person entering maze of human brain

Bioethics Forum Essay

The Mind is Easy to Penetrate. The Brain, Not So Much

Dualists rejoice! That much-maligned ontology got a new lease on life recently with vividly contrasting cases involving Scarlett Johannsen’s voice and Elon Musk’s brain.

Well, not Musk’s brain but that of a patient volunteer in his Neuralink experiment, and not Johannsen’s voice but that of a strikingly similar vocal double. Yet the parallel mid-May dustups reveal something interesting about minds and brains: One is easy to penetrate, the other far more challenging.

When OpenAI released GPT-4o, its model for “more natural human-computer interaction” was named Sky. The feminine, warm, and (to some listeners) rather flirty voice struck many as remarkably similar to that of Johannsen as the audible representation of Samantha in the operating system in the 2013 film Her. (Spoiler alert: In the film a rather sad and lonely fellow, played by Joaquin Phoenix, falls in love with the disembodied AI, only to be traumatized upon discovering that Sky has been unfaithful, servicing many such users, so to speak.)  It happens that the participants in OpenAI’s demos were mostly young men, presumably not as emotionally involved as the lead character in Her but visibly charmed.

Enter Scarlett Johannsen, who at first expressed concern that Sky was “eerily similar” to her Samantha voice, pointing to an interesting intellectual property issue about what counts as similarity from one voice to another.  It turns out that OpenAI’s Sam Altman had approached Johannsen about voicing the new operating system. The circumstances added up to sufficient cause for suspicion for her to retain legal counsel. Had OpenAI trained its Sky algorithm on Samantha? Was Sky a deepfake? But Altman assured Johannsen that the company had hired a voice actor for the demo and had no intention of resembling her Samantha character. His company hit the delete button on Sky. The sides seem to have parted friends. One might say they remain on speaking terms.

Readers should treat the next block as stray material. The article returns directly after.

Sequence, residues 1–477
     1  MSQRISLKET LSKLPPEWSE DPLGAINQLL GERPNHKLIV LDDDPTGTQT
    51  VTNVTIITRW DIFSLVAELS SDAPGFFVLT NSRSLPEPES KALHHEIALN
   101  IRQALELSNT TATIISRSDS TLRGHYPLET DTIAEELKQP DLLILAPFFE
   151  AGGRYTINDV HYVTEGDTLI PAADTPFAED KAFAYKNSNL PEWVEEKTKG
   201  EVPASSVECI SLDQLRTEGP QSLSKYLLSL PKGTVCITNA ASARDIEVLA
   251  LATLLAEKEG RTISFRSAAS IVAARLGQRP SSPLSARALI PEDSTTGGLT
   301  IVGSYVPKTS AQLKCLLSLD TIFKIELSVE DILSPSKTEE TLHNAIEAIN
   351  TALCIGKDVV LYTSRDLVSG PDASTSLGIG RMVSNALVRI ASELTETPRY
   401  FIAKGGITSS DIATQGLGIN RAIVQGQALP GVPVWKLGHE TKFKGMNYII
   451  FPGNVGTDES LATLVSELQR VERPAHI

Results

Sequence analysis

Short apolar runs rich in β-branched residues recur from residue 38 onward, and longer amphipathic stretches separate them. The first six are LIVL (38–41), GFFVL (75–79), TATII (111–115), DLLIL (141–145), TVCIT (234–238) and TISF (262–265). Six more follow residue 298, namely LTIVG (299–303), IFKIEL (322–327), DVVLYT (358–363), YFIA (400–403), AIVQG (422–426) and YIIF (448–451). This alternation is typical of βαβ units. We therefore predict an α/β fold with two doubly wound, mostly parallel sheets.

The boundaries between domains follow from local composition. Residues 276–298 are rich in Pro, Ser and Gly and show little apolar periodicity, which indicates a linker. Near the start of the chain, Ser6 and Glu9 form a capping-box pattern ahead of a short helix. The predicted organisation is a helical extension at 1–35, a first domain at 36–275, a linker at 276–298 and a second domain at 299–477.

Underneath all the hubbub is a key point: voices matter, metaphorically and literally. Facing death, Socrates said his inner voice told him when he was on the wrong course. Many of us strive our whole lives to be heard, to “find our voice.”  Through the goopy medium of amniotic fluid we bond to our mother’s voice. People with auditory hallucinations have trouble distinguishing those that are real from those that are not. When we’re not sure about the objectivity of an ominous sound, we reach for intersubjectivity: “Did you hear that?”

Now consider the overhyped brain implant experiment conducted by Elon Musk’s Neuralink on a person with quadriplegia, a blatantly conflicted case of science by press release. Following the first few post-op weeks, about 85% of the device’s threads had slipped away from their target sites in Noland Arbaugh’s brain, with further surgery determined to be inadvisable. Someday perhaps a more responsibly described study will succeed in providing people like Arbaugh with brain-linked rehab outside strict laboratory conditions. More likely that will be accomplished by one of the legitimate teams that pioneered such efforts long before late comer Neuralink.

Meanwhile we may reflect that the three-pound lump of jelly between our ears is vastly more difficult to manipulate than the airy stuff of mind said to distinguish zombies from the last of us.  

Jonathan D. Moreno is the David and Lyn SIlfen Professor at the University of Pennsylvania and a fellow of the Hastings Center.

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